• Coban Wrap: Can easily be wrapped in layers around various utensils such as crayons, pens and pencils to provide extra grip.
    • Bip Grip: Pen & Pencil Grip: Plastic material, goes around pens and pencils to make them thicker and easier to grasp while preventing putting a strain on the hand muscles.
    • The Pencil Grip Writing CLAW for Pencils and Utensils: Universal design for righties and lefties with grip stretches to fit any utensils.
    • The Heavyweight Pen and The Heavyweight Pencil both provide stability while writing, and allow the user to relax their hand a bit without losing hold of the tool. The ones featured here also come with comfort grips.
    • Pencil Weight: This serves a similar purpose to heavyweight pens and pencils, but can be used on any writing tool. It could be particularly helpful for people who like to use a variety of writing tools (for example, a large set of coloured pencils) because it is more cost-effective than buying many heavyweight utensils. It can be used alone or in conjunction with other pencil grips and can be used on most colouring tools and writing instruments.

    Help With Typing

    Typing can also be a challenge for people with fine motor skill impairments because computer keys are small and can be difficult to press. BigKeys LX  keyboards are designed so that each key is larger and therefore easier to press. They also have an “assist mode” which is helpful for people who are unable to press more than one button at once.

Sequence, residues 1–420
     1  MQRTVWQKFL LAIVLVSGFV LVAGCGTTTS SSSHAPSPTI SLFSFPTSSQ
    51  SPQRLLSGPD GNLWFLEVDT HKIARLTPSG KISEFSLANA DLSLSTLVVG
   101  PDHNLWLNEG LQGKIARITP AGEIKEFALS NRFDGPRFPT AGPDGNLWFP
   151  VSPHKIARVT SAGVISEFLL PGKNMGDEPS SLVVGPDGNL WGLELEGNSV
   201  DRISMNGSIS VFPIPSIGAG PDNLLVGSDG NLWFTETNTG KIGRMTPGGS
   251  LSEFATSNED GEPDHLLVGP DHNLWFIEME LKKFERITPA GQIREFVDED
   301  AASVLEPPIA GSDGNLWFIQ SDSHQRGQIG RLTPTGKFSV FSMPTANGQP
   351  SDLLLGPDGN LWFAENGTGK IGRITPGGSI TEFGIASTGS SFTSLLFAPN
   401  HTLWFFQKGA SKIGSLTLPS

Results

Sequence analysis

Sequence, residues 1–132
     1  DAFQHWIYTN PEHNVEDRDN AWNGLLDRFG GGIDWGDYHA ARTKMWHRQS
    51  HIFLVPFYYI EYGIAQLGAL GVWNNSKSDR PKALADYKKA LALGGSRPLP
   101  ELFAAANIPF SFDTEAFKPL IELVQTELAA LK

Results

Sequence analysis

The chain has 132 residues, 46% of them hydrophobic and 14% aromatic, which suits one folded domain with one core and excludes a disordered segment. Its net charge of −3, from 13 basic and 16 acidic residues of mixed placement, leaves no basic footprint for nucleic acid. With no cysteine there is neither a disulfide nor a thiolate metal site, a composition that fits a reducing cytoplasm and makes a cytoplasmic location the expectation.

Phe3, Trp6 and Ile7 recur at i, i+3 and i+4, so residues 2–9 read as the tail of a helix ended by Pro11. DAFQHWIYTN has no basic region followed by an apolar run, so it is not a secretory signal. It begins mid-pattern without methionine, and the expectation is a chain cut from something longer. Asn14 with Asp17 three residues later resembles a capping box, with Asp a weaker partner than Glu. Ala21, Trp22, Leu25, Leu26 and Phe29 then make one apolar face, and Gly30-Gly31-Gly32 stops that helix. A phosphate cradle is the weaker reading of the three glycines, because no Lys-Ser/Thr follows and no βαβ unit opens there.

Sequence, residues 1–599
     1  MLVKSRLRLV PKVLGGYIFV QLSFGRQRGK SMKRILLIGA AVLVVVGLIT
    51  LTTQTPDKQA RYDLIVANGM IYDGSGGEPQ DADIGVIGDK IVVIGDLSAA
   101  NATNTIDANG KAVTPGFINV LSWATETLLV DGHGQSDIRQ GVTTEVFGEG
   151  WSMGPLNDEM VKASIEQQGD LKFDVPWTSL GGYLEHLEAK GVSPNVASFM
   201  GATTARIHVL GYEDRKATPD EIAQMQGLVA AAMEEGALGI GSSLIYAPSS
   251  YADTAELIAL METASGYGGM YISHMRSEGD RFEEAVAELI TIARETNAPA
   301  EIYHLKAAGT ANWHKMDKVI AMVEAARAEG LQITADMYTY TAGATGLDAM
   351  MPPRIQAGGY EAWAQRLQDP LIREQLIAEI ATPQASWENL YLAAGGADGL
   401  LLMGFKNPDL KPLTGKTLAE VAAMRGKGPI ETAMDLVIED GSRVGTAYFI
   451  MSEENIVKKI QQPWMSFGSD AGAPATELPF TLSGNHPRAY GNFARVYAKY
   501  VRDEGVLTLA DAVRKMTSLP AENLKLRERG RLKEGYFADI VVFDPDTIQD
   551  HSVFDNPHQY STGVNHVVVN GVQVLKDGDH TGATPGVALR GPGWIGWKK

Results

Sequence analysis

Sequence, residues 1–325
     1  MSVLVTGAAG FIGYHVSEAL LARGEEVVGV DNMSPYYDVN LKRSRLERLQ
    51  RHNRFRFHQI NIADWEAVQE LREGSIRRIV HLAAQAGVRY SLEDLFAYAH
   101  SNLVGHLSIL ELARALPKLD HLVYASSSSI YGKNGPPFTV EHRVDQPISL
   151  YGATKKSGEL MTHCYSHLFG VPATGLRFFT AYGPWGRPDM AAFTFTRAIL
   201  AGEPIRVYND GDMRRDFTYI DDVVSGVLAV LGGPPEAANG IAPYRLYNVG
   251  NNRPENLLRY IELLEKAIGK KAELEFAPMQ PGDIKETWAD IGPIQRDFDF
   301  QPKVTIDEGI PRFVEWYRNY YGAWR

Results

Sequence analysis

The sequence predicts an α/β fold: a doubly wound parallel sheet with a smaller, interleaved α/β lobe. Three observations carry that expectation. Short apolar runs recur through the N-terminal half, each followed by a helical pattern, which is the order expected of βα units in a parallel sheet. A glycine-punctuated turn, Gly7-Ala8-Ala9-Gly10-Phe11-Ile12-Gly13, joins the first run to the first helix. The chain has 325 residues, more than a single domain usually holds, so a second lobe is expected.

Help With Postural Stability

    Spending hours hunched over a desk to write can result in bad posture. This is especially true for people with cerebral palsy, who are prone to muscle tightening and postural issues. Moreover, difficulty maintaining postural stability can result in poor handwriting. There are a couple of items that can help create a better posture for writing:

    • Better Board Slant Board. It has a very light and collapsible plastic surface, which is great for classrooms and travelling. It lies at a 20-degree angle, with clamps for holding the paper.
    • Classroom Positioner Desk/Stander. This one is more of an investment. The height can be adjusted to allow for sitting or standing, with optional support while standing. The angle of the desktop can also be changed.

    Hands-Free Writing

    Some people with cerebral palsy have more severe difficulties with muscle control, and simple devices to improve grip, provide stability, or help with posture will not be of much use. However, there are forms of assistive technology that can allow them to write without using their hands. Here are two examples: